6 Napier Road #02-10 Gleneagles Medical Centre
Singapore 258499


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Why Does My Hand Go Numb?

A COMPRESSIVE NERVE DISORDER – SOMETIMES ALSO KNOWN AS A PINCHED OR TRAPPED NERVE – OCCURS when the pressure around a part of a nerve causes it to malfunction. Strength and feeling in the hands depends on healthy nerves. En route to the hand, the nerves pass through narrow areas at the elbow and wrist where they are vulnerable to being “pinched”.

Compressive nerve disorders can arise through external factors – such as when you rest your elbows on a table too frequently or when a leg cast or brace is ill-fitted – or as a result of the patient’s own body putting pressure on a nerve. Known as entrapment neuropathy, this usually happens as a result of tissue swelling or thickening at tight points along the pathway of a nerve. Individuals with certain medical conditions such as diabetes, thyroid problems, renal failure, gout and rheumatoid arthritis are also at increased risk of developing compressive nerve disorders as these disorders tend to either induce swelling or reduce general blood flow throughout the body.

Carpal tunnel syndrome is the most common compressive nerve disorder. In this condition, the median nerve (a nerve that runs through the shoulder and down the arm, all the way tot he fingers) is compressed at the wrist, causing numbness and pain in the thumb, index, middle and ring fingers. Theses symptoms are usually worse on waking in the morning or at night, and may be aggravated by holding on to an object too tightly or for too long.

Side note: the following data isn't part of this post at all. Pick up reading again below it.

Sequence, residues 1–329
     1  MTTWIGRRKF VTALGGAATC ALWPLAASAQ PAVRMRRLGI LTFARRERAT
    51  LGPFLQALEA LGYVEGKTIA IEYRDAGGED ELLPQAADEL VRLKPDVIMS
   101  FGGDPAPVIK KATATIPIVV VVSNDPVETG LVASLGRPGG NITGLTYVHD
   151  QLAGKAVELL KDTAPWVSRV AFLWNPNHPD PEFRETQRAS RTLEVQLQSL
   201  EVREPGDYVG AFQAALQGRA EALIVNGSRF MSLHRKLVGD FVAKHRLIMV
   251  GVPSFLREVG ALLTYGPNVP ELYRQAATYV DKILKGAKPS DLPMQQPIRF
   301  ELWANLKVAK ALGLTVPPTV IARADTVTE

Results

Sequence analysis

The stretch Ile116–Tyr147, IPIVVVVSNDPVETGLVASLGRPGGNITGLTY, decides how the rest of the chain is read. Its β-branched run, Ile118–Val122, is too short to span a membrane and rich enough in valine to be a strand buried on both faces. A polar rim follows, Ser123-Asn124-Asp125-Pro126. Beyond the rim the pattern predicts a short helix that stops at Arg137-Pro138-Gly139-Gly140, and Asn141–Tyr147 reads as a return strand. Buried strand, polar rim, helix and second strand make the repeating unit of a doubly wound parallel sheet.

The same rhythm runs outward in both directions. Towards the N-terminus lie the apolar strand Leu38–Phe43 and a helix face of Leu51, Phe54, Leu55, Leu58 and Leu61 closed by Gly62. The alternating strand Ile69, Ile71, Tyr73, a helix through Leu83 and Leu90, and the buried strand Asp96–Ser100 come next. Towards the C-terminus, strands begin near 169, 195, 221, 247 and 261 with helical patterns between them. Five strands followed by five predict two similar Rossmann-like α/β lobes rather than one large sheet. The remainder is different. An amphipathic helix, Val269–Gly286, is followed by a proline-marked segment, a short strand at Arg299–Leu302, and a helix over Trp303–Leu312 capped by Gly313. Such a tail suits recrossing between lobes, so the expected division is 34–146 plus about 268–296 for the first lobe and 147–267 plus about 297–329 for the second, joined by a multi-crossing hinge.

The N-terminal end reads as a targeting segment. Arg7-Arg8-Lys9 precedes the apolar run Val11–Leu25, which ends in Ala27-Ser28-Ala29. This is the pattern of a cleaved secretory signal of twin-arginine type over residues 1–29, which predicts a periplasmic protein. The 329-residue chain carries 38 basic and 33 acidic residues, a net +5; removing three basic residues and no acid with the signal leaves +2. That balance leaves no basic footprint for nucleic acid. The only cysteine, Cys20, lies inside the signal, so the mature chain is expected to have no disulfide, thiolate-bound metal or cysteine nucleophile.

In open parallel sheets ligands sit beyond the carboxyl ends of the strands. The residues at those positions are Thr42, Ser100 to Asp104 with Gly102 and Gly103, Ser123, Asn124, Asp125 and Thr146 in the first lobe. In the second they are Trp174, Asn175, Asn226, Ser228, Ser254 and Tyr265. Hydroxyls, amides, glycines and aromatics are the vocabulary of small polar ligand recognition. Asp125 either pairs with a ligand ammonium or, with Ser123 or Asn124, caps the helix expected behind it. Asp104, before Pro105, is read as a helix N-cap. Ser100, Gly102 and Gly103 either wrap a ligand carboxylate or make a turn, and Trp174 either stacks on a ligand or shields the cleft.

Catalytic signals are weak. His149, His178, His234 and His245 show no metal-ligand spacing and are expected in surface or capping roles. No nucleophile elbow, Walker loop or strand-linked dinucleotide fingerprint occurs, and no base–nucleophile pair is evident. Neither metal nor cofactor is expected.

In especially severe cases of carpal tunnel syndrome, the thumb muscles eventually shrink and weaken, making it difficult for the patient to do any sort of fine manipulation with the thumb. Activities such as picking up a coin or doing up a button become extraordinarily difficult, and the patient may feel especially clumsy when doing anything with his thumbs. Unfortunately, it is rarely possible to prevent compressive nerve disorders as they tend to arise from a combination of factors. Attention to proper ergonomics of the neck and upper limb may, however, decrease the risk of compressive nerve disorders from developing or worsening, as will avoiding holding things like mobile phones or tablets in the same position for overly long periods of time. Try not to keep your elbow and wrists flexed for too long, and always take a break every hour to stretch your neck, arms and legs when working at a desk.

Mild or early compression may be treated through a combination of non-sterioidal anti-inflammatory drugs, splints and regular exercises. Injections near the site of compression may provide relief.

A more definitive cure can be achieved through surgical decompression of the nerve, either through traditional “open” surgery or endoscopic means. Compared to open surgery, endoscopic nerve decompression by a qualified hand surgeons had much less postoperative pain and faster return to full function. In most cases, the hand can be used the very next day for light daily activities. The scar is much smaller and hardly visible.

Although slight pain and weakness may be noticed in the hand after decompression, this does not usually last for more than a month or two. The relief from the constant sensation of pins and needles – a common sign of compressive nerve disorder – is on the other hand rapid and almost always permanent. Full sensory function and strength usually returns within another few months.

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